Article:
National strategy on Covid-19 is key

 

Sir, – The Government has announced that a medium-term framework to address Covid-19 over the next six months will be available on Tuesday.

Given the increasing rate of infection Europe-wide and in Ireland, the dissatisfaction of Irish medical experts with the results of efforts to control it, and the series of blunders in the Government’s recent management and communication of the situation, a detailed national strategy to address Covid-19 over the next six to 12 months is urgently required. Ad hoc reactions and ambiguous communications from the National Public Health Emergency Team and the Government are not adequate.

In the early, emergency period of Covid-19, the aim and strategy of the Government were clear: flatten the curve to prevent the medical services becoming overwhelmed. There was a clearly phased timescale, with regular reviews and meaningful updates on progress to the public.

The extent to which the aim was achieved depends on your perspective.

The hospitals were not overwhelmed, although at significant cost to staff, those in nursing homes and other vulnerable groups.

On the other hand, the graph for March to June looks little like a flattened distribution curve, rising steeply to a peek on April 10th and then dropping sharply from April 24th until late June, with an extending tail, now rising again.

More importantly, however, in that onset phase, despite the huge sacrifices demanded of everyone, the country demonstrated a high level of social solidarity.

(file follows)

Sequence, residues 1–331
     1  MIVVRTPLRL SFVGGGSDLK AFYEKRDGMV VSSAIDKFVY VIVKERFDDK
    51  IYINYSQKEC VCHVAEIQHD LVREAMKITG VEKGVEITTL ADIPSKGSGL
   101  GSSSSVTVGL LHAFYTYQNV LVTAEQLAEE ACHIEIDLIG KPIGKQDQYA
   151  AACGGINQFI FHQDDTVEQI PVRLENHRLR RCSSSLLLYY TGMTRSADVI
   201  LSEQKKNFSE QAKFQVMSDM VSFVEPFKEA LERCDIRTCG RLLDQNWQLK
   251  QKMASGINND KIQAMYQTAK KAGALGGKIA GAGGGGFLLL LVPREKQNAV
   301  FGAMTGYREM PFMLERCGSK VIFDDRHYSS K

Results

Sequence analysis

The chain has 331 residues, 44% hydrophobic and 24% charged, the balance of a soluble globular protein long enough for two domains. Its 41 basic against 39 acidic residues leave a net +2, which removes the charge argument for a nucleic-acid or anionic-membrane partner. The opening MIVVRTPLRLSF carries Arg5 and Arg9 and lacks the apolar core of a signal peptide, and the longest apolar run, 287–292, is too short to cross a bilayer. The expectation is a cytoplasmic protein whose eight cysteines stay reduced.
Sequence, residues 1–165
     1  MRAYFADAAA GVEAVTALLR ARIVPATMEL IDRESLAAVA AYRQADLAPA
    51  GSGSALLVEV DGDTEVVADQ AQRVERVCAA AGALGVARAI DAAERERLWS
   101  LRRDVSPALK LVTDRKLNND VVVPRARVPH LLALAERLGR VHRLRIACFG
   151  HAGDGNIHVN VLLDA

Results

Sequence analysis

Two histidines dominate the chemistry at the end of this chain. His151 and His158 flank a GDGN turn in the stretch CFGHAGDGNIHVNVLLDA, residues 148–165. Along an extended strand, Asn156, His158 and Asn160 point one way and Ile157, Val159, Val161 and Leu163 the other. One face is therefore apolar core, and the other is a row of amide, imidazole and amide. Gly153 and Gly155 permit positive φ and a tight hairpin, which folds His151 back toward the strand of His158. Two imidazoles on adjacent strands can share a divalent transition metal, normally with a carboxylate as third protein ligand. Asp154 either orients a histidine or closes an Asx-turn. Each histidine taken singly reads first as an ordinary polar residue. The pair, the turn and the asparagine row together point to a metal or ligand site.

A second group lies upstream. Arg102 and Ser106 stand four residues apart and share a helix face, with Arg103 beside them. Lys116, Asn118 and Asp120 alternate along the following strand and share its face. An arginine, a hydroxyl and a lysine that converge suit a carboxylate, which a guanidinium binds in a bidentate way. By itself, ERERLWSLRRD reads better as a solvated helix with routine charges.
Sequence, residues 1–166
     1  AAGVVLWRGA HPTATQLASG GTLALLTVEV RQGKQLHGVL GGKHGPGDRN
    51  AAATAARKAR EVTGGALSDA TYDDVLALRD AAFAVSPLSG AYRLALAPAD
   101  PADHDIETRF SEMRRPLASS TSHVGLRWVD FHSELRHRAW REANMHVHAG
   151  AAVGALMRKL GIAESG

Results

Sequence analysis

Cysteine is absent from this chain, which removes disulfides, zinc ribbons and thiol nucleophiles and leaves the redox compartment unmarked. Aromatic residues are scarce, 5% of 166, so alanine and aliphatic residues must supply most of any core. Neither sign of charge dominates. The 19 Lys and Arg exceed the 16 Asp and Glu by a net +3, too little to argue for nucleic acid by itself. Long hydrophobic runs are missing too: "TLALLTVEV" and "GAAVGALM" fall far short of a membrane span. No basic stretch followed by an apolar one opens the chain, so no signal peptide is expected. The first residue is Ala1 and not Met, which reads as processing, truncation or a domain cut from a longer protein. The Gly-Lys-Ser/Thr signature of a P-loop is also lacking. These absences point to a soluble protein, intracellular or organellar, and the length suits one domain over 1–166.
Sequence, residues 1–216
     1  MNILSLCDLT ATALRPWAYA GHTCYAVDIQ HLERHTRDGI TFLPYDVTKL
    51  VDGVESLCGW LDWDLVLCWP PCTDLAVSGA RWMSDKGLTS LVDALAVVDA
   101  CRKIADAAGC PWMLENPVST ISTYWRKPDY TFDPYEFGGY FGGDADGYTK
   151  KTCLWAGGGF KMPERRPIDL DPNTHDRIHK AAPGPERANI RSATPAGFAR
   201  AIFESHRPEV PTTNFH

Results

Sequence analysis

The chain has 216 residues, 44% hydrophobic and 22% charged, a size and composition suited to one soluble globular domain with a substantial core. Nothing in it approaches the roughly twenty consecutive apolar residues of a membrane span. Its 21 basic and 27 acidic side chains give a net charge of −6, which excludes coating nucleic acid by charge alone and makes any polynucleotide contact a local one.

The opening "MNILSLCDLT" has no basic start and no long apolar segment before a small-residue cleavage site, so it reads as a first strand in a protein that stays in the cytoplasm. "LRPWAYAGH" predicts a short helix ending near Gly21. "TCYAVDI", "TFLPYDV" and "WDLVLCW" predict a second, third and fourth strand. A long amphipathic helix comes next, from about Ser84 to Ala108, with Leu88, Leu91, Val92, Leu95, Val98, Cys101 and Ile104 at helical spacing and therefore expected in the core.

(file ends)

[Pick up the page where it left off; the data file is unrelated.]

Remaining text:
The current aim, to suppress the virus as far as possible, lacks any form of strategy, having few if any of the “Smart” characteristics of a strategy (specific, measurable, achievable, results-orientated, and time-framed).

Does “suppress” mean to reduce it to zero, 50 or 100 cases a day, a week, or a month? Have we a valid and reliable method for measuring this?

How far that “as far as possible” is depends on the extent to which we are willing to disrupt our economic, personal, and social wellbeing to achieve the stated aim.

One of the most worrying outcomes of this lack of strategic thinking is the emergence of a blaming culture, undermining social solidarity. Parents being blamed for bringing children to the beach. Younger people being blamed for house parties. The elderly being blamed for attending family and social gatherings. Overseas nationals in direct provision centres or working in meat plants identified as virus sources.

This blaming culture is likely to drive the virus underground with consequences for further community spread. The value of publishing detailed information regarding the location and sources of clusters of Covid-19 is becoming increasingly questionable.

Producing, in a timely manner, a detailed strategy that takes account of the nation’s economic, social, and individual needs in addition to medical considerations requires in my opinion, the establishment of a cross-sectoral group, with representatives of diverse interests, including vulnerable groups, business, trade unions, tourism, and health professions.

The group should meet over a short-term period of about four weeks to consider perspectives beyond those of the NPHET.

It should focus as a starting point on the timeframe within which a vaccine can reasonably be expected to be available. It should consider the role of the Central Statistics Office in identifying the most appropriate, valid, and reliable method for counting and reporting cases and trends nationally and internationally.

It should consider the costs and benefits of alternative existing strategies including the zero-Covid (New Zealand) model, the Swedish model, or an alternative for Ireland and make recommendations for a Strategy that adheres to Smart principles. – Yours, etc,

ANN READE,

Kinsale,

Co Cork.